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February 10, 2012 - Image 5

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The Michigan Daily, 2012-02-10

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The Michigan Daily - michigandaily.com

Friday, February 10, 2012 - 5

The Michigan Daily - michigandailycom friday, February 10, 2012 -5

Waxing poetic on the
complexity of form

Because of the show's mature themes; the musical was banned)n Germany at the end of the 19th century.
Timeless ise e
to sni'Sprig

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pular musical to lives. When parents ignore their
children and fail to address
e performed by the issues they face, problems
ensue. Temptation lies at the
chool of MT&D core of the play, and over its
course, the characters reveal
By LAURA KAYE how they handle those trials.
DailyArts Writer Malcolm Tulip, "Spring
Awakening" director and asso-
wind and return to the days ciate professor of theatre, dis-
h school and drama - how cussed the messages that the
you forget them? "Spring play conveys.
ening" is "We should listen to children
sical that as they grow up, remember our
ights the ,"n own experiences and then act in
sity, anxi- Awakening a way that doesn't injure them,"
nd anger Tonight at8 Tulip said.
sat stage p.m.through Tulip emphasized how the
fe. When Feb19 songs create a three-way dia-
'n' rollFeb.1', logue with the characters, their
dra- various imes inner selves and the audience. In
teenage Arthur Miller a traditional musical, the songs
excel- Theatre are a continuation of the narra-
theatrical From $10 tive and underscore a particular
ainment' aspect of the character or their
s. circumstances. However, in
e School of Music, The- "Spring Awakening," the songs
& Dance is presenting more directly address the situa-
how at the Arthur Miller tionsthatcoccur by being framed
ng tonight. This musical, in the mind of a character, so
music by Duncan Sheik they reveal a different perspec-
'rics by Steven Sater, is an tive to what the audience just
ation of Frank Wedekind's witnessed. Furthermore, the
an play that delves into the songs are very contemporary
of teenagers as they grap- and speak to the everyday audi-
ith puberty, the mysteries ence.
, abusive relationships and This adaptation is stripped
e. With a fusion of folk down to the bare essentials.

The scenery is minimal, with'
only black, acting-class blocks
populating the space, emphasiz-
ing the experiences of the char-
acters and how they deal with
their problems.
Critics have rebuked past
productions of the play for
exposing youth to nudity and
sexuality. Some have even tried
to censor the show, claiming it
presents an immoral message
that should not be brought to
the stage. Tulip explained how
Wedekind's play was banned in
Germany at the end of the 19th
century, and today we are still
debating the same issues - little
has changed.
"We still have discussions in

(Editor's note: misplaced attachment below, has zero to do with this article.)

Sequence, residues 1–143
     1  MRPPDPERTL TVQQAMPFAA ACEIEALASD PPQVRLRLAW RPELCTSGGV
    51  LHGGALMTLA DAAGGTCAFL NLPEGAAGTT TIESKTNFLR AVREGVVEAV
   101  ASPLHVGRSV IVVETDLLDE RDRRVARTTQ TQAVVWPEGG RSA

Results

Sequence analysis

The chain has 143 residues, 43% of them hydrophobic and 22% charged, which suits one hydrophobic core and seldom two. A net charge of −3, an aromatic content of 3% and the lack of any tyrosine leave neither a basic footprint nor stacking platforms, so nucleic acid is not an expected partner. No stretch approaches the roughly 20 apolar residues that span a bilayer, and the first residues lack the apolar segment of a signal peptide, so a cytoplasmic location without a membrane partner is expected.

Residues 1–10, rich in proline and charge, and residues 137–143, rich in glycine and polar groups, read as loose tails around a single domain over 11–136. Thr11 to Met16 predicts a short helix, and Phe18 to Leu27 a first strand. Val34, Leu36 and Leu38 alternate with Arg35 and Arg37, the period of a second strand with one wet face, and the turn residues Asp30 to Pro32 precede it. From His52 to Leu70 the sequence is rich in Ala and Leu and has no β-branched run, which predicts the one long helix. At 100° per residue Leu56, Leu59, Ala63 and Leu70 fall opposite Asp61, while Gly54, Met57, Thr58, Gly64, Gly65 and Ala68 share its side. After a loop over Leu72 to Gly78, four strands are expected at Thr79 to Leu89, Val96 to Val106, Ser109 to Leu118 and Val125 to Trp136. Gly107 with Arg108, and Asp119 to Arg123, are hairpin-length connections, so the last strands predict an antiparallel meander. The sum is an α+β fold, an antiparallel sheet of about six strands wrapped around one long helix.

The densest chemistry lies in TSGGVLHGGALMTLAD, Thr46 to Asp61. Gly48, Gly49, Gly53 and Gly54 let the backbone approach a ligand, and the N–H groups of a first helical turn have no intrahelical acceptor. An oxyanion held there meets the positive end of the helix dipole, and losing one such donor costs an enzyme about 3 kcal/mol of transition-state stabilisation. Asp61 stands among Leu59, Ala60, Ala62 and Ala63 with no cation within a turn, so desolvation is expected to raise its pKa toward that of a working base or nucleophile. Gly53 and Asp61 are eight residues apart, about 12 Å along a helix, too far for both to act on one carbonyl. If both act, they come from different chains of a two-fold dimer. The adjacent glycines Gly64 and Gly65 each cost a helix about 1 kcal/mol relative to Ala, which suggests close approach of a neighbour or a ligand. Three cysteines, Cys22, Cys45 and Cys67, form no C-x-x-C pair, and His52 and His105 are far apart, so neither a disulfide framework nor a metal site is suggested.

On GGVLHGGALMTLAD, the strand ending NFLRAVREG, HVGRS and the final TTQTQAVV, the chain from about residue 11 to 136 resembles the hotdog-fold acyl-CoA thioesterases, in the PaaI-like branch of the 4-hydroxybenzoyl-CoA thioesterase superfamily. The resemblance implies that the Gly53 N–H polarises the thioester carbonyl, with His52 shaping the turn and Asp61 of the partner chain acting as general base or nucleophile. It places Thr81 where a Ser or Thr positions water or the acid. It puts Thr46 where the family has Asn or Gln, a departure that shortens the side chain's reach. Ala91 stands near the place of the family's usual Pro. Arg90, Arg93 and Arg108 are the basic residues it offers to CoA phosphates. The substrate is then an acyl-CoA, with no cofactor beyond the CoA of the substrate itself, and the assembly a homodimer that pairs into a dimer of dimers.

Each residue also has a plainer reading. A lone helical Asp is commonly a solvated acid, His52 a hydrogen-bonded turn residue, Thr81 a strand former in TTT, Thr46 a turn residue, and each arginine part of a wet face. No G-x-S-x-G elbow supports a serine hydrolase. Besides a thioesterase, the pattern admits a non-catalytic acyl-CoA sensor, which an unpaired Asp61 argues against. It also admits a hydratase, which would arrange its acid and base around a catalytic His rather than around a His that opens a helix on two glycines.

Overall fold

the media (about) whether teen-
agers should have access to con-
traception or birth control, and
that discussion is still going on
*and some adults are still' upset
and don't want it in the schools,"
Tulip said. "And sometimes,
education is compromised by
people's belief systems."
From this perspective, when a
topic is controversial, it becomes
even more important to bring it
to people's attention. "Spring
Awakening" will attempt to
awaken audience members' to
the problems of teens and it will
flower a perspective on how to
address those issues.

By JONATHAN ODDEN
DailyArts Writer
In the study of language, the
idea that form encases content
like a vessel had been a last-
ing supposition, unchallenged
until Viktor Shklovsky and the
Russian Formalists put forth
the radical notion that such a
relationship need not exist. The
revision of that Hermeneutic
standard was, in many ways, the
biggest contribution of Russian
Formalism and is still widely
supported today by a range of
literary theories. I suggest, how-
ever, that their argument was
wrong since it splits form from
a binary that never existed, and
more importantly, isolates form
from language. To make sense of
that, we might first re-evaluate
our working definitions of con-
tent and form.
It's unfortunate how often
the term "form" is thrown about
and how widely literary theo-
rists define it. Nothing is more
telling of this tendency than
the fact that Shklovsky's essay
- the very piece from which
form in the Formalist argument
really became defined - has
been translated as both "Art as
Form" and "Art as Technique."
This looseness of term is frus-
trating, but mistakes between
matters of form and format are
actually detrimental to critical
theory. Form is the technique,
the literary device, the rhythmic
pattern, etc. that exist in a work.
Together, these forms are codi-
fied into a static format, which,
to avoid confusion, we might
substitute with a synonym:
style. We might think of atoms
as form and molecules as style,
especially since this explanation
demonstrates that combinations
of the same forms in different
ways can create different styles.
To use a concrete example: Iam-
bic Pentameter is the form of the
Shakespearian sonnet and the
Spenserian sonnet - they use
the same rhythmic form but a